Application Configuration and Settings Edit on GitHub


Note! All of the code snippets shown in this topic apply to the JasperRegistry syntax

For application configuration, Jasper supports both the built in .Net Core configuration and a form of strong typed configuration we call the "Settings" model that was originally used in FubuMVC.

Quick Start

Probably the most common scenario is to have a single configuration file mapped to a single object:

  1. Add a class that ends with Settings to your project, e.g. MySettings.cs.
  2. Add a json file that has properties that match your Settings class.
  3. Use the Build method to tell Jasper about your configuration file.
  4. Include your Settings class in the constructor of a class and Jasper will automatically inject the settings object

public class MyApp : JasperRegistry
{
    public MyApp()
    {
        Configuration.AddJsonFile("mysettings.json");
    }
}

public class SettingsTest
{
    private readonly MySettings _settings;

    public SettingsTest(MySettings settings)
    {
        _settings = settings;
    }
}

Configuration Lifecycle

Application configuration can come from a mix of the built in .Net Core configuration sources and programmatic options set in either your JasperRegistry or a loaded extension. While you make all the declarations in your JasperRegistry class, Jasper takes some steps to execute the usage of configuration options at bootstrapping time like so:

  1. Build out the .Net Core IConfigurationRoot object based on the sources added to JasperRegistry.Configuration.
  2. Loads the default data for known Settings types
  3. Apply all the JasperRegistry.Settings.Alter() or Replace() delegates from registered extensions in the order that they were registered
  4. Apply all the JasperRegistry.Settings.Alter() or Replace() delegates configured in your JasperRegistry in the order that they were registered to ensure that the application specific options always win out over the base options or options coming from an extension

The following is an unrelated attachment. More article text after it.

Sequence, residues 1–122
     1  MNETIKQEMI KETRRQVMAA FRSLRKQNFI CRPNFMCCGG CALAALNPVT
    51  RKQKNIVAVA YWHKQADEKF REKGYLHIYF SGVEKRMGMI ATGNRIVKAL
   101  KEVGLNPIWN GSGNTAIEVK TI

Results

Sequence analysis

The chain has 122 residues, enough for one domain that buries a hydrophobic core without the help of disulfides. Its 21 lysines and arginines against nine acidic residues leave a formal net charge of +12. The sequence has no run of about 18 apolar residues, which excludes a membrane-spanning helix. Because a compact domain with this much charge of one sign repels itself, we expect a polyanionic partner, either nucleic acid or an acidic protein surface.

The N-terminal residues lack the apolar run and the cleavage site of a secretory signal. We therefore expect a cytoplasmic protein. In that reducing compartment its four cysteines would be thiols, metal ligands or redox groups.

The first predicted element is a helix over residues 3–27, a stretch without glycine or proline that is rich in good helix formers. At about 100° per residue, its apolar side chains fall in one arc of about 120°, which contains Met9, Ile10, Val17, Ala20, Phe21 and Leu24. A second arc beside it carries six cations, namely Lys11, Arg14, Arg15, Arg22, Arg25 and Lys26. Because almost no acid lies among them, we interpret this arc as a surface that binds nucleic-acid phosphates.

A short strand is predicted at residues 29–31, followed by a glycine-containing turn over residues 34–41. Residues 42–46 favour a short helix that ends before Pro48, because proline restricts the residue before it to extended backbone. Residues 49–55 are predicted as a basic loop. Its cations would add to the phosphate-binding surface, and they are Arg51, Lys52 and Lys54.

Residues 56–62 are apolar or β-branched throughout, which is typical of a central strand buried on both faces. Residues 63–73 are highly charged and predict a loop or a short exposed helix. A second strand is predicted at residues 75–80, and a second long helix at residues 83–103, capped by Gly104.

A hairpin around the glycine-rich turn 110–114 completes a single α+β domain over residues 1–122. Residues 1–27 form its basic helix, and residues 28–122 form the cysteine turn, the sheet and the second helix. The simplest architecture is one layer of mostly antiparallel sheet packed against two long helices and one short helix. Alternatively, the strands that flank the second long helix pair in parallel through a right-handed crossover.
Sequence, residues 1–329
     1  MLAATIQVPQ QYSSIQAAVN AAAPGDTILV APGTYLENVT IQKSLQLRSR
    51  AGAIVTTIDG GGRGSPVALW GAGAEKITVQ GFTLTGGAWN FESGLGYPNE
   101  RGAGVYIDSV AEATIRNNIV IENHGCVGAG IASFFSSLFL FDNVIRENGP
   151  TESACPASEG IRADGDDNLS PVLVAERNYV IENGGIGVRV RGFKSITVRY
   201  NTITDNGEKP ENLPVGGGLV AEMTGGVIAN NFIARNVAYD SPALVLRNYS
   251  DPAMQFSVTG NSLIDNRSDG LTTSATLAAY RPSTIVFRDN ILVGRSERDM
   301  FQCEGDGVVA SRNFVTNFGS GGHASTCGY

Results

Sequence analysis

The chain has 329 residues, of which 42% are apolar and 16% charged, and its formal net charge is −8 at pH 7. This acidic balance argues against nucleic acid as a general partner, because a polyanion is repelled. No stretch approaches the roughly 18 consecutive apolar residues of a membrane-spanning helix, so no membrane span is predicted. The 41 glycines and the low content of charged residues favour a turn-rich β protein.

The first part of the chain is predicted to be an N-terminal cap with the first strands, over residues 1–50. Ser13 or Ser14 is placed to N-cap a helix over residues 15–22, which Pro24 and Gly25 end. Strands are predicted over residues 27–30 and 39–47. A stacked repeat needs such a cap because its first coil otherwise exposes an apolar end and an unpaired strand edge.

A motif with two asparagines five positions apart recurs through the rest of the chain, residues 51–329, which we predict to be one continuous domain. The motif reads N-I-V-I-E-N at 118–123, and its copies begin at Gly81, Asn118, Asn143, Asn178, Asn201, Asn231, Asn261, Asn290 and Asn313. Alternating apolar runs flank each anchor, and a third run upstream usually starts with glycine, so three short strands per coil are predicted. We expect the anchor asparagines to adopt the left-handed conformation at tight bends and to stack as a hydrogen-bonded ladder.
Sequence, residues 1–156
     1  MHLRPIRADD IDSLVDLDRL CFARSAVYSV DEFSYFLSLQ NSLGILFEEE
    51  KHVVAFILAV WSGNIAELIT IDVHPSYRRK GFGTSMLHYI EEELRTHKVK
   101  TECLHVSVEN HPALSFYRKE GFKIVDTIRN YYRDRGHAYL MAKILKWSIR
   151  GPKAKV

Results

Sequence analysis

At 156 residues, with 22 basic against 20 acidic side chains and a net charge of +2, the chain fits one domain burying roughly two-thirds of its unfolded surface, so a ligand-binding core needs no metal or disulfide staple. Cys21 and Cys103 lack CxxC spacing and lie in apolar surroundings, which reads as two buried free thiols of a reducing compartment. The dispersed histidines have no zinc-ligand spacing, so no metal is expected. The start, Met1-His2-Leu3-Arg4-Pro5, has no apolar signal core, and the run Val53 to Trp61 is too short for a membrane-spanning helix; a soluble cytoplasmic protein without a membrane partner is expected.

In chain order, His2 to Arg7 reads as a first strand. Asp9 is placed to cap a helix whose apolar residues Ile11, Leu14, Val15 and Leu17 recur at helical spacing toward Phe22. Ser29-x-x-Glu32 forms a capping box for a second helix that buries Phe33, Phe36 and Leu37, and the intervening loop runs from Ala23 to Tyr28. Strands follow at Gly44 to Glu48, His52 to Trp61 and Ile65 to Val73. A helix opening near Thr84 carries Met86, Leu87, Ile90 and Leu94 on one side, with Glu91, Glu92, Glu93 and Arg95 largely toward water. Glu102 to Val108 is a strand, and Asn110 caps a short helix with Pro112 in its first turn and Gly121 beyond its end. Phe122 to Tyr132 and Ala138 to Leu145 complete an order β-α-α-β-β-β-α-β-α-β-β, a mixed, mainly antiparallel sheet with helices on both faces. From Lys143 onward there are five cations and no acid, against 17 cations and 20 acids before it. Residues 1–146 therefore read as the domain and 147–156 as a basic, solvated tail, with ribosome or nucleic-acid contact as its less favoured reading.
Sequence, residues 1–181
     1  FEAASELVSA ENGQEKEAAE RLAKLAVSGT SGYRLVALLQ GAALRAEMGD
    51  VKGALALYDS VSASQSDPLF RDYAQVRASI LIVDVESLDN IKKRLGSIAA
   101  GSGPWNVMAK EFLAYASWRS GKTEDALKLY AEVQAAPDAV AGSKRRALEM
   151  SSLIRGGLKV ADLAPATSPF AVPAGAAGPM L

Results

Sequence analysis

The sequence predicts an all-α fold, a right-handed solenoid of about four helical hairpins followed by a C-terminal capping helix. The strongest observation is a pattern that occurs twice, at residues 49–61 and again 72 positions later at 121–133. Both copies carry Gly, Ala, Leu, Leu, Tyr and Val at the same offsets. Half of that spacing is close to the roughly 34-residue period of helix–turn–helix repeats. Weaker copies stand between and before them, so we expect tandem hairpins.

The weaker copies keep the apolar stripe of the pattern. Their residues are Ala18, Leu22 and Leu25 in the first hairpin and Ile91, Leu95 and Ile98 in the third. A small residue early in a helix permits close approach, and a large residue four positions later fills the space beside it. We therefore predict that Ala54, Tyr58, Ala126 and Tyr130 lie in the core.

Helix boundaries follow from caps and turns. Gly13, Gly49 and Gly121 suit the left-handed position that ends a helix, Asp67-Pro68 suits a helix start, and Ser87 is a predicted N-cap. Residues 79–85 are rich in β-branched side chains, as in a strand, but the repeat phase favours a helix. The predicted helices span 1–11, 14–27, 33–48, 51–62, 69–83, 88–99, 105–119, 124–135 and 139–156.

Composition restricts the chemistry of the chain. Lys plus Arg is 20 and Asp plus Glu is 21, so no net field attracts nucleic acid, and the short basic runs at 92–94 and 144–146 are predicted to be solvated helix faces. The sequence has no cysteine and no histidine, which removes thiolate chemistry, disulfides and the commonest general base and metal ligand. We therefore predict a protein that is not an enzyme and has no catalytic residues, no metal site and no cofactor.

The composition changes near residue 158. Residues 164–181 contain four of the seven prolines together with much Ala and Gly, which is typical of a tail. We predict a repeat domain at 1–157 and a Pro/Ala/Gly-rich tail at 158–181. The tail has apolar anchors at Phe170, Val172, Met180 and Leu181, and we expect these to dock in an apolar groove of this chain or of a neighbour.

5. Finally, apply all the JasperRegistry.Settings.With() delegates configured in your JasperRegistry to use the final, configured versions of
    Settings objects to alter your application setup

Add Configuration Sources

Jasper uses the .NET Core ConfigurationBuilder to get config data and bind it to objects.


Configuration.SetBasePath("path")
    .AddJsonFile("myconfig.json")
    .AddJsonFile("myotherconfig.json.config")
    .AddEnvironmentVariables();

If you need to bind a settings class that does not follow the convention of ending with Settings then use the Configure method to tell Jasper which class you want to bind.


Settings.Configure<Colors>();

If a settings class needs additional information to bind correctly, such as being in a nested sub-section, use the Configure method.


Settings.Configure<MySettings>(_ => _.GetSection("subsection"));

Modify Settings

It may be necessary to modify a settings object after it has been loaded from configuration. Settings can be altered:


Settings.Alter<MySettings>(_ =>
{
    _.SomeSetting = 5;
});

// or additionally use IConfiguration
Settings.Alter<MySettings>((config, settings) =>
{
    settings.SomeSetting = int.Parse(config["SomeKey"]);
});


or completely replaced:


Settings.Replace(new MySettings
{
    SomeSetting = 3,
    OtherSetting = "blue"
});

Modify Application

The JasperRegistry (or the application that inherits from JasperRegistry) can be modified using loaded settings:


public class MyApplication : JasperRegistry
{
    public bool MyBoolean { get; set; }

    public MyApplication()
    {
        Settings.With<MySettings>(_ =>
        {
            if (_.SomeSetting == 1)
            {
                MyBoolean = true;
            }
        });
    }
}